MozFest 2014 begins today
More than 1,600 participants from countries around the globe will gather at Ravensbourne in East London for a weekend of collaborating, building prototypes, designing innovative web literacy curricula and discussing how the ethos of the open web can contribute to the fields of science, journalism, advocacy and more.
TrueConf is pleased to announce that the new version of TrueConf for Linux supports a wider range of Linux-based operating systems. In previous versions, TrueConf applications were available for Debian and Ubuntu, but now TrueConf video conferencing is also available for users of CentOS, Fedora, and openSUSE.
A victory for free software over the "Microsoft tax"
This is a guest post by Marco Ciurcina, a lawyer who worked on this case.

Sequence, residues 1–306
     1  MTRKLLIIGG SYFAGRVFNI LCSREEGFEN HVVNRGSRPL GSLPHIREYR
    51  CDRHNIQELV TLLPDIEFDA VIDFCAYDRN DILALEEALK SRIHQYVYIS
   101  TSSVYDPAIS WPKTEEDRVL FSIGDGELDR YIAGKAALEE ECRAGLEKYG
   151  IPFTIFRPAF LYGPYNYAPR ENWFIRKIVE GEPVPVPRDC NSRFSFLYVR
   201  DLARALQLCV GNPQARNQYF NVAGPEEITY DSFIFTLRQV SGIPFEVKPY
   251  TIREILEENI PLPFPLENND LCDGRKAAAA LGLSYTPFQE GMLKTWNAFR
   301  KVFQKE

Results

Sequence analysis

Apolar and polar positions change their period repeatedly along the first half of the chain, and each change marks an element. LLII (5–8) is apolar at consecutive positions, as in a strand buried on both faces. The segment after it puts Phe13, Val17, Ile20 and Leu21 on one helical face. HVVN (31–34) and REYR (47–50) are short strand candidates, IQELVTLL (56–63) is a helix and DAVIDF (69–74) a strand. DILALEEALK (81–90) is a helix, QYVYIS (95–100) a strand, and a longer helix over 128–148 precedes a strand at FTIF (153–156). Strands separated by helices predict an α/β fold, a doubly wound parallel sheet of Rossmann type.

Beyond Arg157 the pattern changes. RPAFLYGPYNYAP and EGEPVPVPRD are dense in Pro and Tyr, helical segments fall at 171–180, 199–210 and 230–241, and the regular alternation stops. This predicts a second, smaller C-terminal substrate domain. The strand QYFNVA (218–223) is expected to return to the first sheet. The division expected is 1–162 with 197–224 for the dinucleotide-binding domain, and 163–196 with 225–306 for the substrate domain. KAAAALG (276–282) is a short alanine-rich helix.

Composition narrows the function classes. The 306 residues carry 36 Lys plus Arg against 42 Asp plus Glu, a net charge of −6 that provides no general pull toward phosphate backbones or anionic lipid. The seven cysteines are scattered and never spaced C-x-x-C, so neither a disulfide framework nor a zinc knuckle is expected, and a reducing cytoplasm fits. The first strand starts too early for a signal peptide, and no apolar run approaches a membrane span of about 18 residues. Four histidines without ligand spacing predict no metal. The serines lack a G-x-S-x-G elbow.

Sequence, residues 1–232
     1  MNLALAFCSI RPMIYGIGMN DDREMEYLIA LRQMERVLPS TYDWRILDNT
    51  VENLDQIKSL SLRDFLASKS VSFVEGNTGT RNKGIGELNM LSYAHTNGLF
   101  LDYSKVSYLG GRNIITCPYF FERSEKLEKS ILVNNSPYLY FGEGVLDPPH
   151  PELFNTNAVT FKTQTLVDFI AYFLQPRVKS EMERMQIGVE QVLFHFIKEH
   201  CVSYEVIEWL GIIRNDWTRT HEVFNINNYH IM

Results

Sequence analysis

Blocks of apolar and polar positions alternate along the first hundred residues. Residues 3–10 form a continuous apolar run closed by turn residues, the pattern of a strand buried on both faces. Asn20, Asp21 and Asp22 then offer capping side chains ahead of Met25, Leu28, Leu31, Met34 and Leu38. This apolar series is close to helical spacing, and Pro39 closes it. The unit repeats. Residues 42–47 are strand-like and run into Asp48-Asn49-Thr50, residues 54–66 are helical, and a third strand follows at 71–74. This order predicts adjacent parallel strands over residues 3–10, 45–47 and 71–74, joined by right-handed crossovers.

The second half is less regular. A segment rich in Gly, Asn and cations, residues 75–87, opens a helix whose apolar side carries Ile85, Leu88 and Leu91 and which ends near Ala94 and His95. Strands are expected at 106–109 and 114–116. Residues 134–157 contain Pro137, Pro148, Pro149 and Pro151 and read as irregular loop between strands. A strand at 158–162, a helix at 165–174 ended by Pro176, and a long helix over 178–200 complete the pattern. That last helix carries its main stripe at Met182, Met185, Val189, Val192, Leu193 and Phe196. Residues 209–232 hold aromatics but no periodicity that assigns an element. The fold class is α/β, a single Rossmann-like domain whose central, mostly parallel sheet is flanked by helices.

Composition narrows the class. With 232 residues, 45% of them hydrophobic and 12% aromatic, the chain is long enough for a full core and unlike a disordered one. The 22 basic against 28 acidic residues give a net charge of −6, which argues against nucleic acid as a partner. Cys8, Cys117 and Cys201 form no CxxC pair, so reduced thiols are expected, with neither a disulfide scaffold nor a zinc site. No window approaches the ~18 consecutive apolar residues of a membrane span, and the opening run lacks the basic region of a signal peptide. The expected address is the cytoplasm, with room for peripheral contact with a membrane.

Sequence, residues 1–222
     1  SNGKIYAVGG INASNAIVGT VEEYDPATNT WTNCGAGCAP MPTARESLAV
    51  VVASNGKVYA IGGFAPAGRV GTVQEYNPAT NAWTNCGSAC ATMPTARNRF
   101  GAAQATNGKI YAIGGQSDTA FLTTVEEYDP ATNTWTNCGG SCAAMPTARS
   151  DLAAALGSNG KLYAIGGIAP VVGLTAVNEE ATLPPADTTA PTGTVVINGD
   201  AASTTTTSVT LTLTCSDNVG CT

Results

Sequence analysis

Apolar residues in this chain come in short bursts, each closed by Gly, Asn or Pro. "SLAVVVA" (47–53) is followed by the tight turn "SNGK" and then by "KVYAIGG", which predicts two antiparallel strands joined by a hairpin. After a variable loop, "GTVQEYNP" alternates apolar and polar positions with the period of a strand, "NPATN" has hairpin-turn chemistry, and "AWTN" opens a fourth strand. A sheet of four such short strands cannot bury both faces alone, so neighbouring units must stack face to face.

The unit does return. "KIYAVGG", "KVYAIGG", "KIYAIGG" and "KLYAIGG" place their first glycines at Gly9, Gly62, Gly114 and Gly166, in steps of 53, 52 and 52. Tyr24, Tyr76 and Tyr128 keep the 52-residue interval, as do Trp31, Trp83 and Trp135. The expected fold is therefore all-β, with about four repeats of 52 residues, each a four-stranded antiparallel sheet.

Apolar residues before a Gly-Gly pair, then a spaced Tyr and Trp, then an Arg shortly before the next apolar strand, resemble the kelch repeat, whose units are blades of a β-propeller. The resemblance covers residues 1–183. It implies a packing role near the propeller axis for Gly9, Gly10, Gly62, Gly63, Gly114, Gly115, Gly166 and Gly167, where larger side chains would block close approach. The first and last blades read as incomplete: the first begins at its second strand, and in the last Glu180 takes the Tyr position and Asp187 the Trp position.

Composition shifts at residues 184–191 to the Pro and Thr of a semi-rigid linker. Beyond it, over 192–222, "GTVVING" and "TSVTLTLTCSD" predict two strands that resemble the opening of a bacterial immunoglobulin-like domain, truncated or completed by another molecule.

The Italian Supreme Court (Corte di Cassazione) issued a
judgment1 that bans the "Microsoft tax," a commercial
practice that discourages users from converting their PCs to GNU/Linux
or other free operating systems by forcing them to pay for a Windows
license with their PCs. PC producers in Italy now cannot refuse to
refund the price of the license to purchasers that will not run
The ruling definitively concludes the case filed in 2005 against a hardware
producer by Marco Pieraccioli,2 with the support of the Consumer Association
ADUC,3 and affirms Marco Pieraccioli's right to a refund for the price of the
Microsoft Windows license for the computer he purchased.
The primary reason to insist on using free software4 is because nonfree